Prostatitis or Pelvic Pain?
What is Prostatitis?
Prostatitis, the condition of having an inflamed prostate gland, is one of the most common diagnoses that men get when they suffer pelvic pain. According to the Prostatitis Foundation, “estimates on the number of males in the United States who will experience prostatitis during their lifetimes range up to 50 percent. Many urologic disease experts feel that from 5 to 10 percent of males will be experiencing prostatitis at a particular time, making it one of the most common urologic diseases in the U.S.”
Troublingly, this is often an inaccurate diagnosis.
Prostatitis is over-diagnosed
One big problem is that different conditions can express themselves in similar ways. Prostatitis can cause sexual dysfunction, difficult and painful urination, pain in the perineum, testicles, bladder, and penis. These symptoms may also be caused by a number of other conditions as well. Chronic Pelvic Pain Syndrome can be caused by muscle spasms. Bladder malfunction can be caused by interstitial cystitis. Erectile dysfunction may be related to hormone or testosterone imbalances.
Yet some clinicians seem to be diagnosing prostatitis when the practitioner just doesn’t have a better answer. When there are many potential causes for pain, making the correct diagnosis becomes more difficult. As you might imagine, this can have some pretty nasty consequences. A hasty diagnosis can lead to treatments for a condition that the patient isn’t suffering from. It may not be surprising that those treatments can have negative side-effects that could have been avoided.
Since this condition can be caused by bacterial infections, antibiotics are one of the primary treatment options. One common family of antibiotics, fluoroquinolone, can have serious side effects. An FDA safety review has shown that fluoroquinolones are associated with disabling and potentially permanent serious side effects that can occur together.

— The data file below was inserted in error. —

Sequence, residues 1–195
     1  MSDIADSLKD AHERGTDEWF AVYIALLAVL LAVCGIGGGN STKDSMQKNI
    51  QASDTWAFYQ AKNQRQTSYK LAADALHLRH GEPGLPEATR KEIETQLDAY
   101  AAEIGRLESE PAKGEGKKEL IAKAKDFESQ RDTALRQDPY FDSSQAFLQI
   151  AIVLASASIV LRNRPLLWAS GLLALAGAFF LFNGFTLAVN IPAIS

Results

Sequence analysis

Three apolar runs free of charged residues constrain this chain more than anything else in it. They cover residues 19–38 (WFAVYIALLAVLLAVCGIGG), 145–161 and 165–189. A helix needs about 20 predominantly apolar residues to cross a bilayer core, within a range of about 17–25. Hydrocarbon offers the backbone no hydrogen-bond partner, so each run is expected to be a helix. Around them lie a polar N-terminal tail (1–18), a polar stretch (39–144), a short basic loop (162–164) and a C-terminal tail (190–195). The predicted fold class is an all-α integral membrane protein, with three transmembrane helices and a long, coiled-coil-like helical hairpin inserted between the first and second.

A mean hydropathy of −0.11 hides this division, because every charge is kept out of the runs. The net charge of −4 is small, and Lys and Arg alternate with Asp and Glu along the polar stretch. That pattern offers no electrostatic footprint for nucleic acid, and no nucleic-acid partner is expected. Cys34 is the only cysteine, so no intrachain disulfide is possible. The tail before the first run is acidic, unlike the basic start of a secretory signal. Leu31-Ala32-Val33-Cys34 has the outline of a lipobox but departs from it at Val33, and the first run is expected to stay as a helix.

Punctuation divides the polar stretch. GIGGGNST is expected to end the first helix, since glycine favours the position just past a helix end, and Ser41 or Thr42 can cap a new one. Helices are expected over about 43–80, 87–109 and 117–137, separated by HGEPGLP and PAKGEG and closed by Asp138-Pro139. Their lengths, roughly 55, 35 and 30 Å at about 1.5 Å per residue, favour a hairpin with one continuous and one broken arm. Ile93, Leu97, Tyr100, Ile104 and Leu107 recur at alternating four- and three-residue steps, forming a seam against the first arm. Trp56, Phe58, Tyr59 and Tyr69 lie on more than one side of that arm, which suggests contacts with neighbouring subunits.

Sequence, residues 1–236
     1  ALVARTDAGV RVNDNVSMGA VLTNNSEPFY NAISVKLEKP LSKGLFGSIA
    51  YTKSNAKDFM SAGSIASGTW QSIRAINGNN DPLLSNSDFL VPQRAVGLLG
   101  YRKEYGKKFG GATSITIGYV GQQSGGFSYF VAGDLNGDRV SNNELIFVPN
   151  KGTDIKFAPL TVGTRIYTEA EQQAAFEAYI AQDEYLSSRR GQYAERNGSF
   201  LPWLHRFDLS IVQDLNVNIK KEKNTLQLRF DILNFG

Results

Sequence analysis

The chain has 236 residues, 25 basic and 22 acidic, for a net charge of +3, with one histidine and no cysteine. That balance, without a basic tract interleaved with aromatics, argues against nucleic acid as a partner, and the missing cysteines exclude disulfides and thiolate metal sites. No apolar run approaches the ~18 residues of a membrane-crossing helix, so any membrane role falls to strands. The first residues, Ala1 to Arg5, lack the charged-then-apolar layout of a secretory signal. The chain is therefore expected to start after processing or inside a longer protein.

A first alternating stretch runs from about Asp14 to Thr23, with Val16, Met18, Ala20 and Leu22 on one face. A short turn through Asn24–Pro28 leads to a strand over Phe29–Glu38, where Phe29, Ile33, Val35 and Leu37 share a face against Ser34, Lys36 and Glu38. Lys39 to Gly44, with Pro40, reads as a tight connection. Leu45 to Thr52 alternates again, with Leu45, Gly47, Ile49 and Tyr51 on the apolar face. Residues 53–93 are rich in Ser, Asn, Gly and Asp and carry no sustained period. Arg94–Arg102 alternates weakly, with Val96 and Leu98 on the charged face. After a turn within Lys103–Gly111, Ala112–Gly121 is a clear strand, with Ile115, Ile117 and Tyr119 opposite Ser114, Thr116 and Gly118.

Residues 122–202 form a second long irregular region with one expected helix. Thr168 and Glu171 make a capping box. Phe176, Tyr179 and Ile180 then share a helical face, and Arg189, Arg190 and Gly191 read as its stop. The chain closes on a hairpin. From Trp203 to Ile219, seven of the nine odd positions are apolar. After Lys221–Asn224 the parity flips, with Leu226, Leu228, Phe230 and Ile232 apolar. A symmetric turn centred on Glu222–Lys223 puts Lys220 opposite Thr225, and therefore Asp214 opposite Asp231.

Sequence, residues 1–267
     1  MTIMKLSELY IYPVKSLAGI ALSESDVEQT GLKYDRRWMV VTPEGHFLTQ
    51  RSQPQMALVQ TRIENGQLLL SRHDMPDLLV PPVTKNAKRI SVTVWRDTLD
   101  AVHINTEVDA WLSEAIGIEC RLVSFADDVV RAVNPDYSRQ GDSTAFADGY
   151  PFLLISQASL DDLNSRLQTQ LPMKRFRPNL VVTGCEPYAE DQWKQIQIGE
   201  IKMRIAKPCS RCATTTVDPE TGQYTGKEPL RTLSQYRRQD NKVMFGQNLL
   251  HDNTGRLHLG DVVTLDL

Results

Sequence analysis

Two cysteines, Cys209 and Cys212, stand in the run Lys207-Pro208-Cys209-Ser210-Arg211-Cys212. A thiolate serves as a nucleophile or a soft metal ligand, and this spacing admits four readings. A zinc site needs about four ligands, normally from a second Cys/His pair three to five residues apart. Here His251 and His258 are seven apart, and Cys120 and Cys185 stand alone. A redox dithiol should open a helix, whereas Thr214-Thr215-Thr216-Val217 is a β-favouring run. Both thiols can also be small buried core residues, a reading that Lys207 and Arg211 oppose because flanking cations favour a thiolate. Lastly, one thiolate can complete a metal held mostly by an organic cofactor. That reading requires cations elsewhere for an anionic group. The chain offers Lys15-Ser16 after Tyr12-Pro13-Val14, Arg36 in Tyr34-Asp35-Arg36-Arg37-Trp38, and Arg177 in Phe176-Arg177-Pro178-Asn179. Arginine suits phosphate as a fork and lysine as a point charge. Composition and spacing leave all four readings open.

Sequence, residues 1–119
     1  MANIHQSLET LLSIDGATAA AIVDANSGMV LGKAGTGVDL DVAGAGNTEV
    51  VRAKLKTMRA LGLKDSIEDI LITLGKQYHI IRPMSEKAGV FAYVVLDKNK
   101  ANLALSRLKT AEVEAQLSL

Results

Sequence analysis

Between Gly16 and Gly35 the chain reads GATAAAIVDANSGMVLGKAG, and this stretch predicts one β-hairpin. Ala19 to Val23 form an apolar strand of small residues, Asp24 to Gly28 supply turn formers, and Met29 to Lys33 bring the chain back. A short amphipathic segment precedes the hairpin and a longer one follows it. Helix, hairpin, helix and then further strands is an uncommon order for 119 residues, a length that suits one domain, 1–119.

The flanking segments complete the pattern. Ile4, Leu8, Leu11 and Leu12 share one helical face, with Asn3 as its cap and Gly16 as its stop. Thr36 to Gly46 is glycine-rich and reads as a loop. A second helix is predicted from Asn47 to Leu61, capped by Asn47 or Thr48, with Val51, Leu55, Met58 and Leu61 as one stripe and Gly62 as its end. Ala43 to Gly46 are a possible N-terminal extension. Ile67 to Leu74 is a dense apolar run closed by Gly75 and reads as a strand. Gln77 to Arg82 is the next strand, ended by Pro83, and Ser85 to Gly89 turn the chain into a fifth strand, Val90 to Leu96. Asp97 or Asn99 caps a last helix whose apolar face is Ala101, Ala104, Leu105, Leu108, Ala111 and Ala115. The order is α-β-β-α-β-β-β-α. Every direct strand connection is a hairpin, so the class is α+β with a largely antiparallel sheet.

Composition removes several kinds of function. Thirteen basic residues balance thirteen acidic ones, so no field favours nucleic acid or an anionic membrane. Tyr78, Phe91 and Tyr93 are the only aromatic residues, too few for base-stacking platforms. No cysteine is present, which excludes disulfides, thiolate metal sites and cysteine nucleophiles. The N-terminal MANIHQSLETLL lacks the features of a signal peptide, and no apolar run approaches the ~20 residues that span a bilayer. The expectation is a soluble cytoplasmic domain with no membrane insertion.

According to the FDA safety announcement, “patients should contact your health care professional immediately if you experience any serious side effects while taking your fluoroquinolone medicine. Some signs and symptoms of serious side effects include tendon, joint and muscle pain, a “pins and needles” tingling or pricking sensation, confusion, and hallucinations. Patients should talk with your health care professional if you have any questions or concerns.” In other words, you only want to take these if you know they will help your pelvic pain.
So, what should you do?
If you have symptoms similar to those mentioned above, there is help and you should consult a medical professional right away. If your practitioner suggests that you may have prostatitis, double-check that the clinician has tested a sample of your urine and prostate fluid. It may also be helpful to have your level of prostate specific antigens (PSA) checked, as both prostatitis and prostate cancer can increase PSA levels.
If you are experiencing pelvic pain, you may want to go straight to the experts. Trained and certified pelvic rehabilitation practitioners may be better equipped to recognize the source of pelvic pain than a general practitioner. To find help near you, check our directory at www.pelvicrehab.com.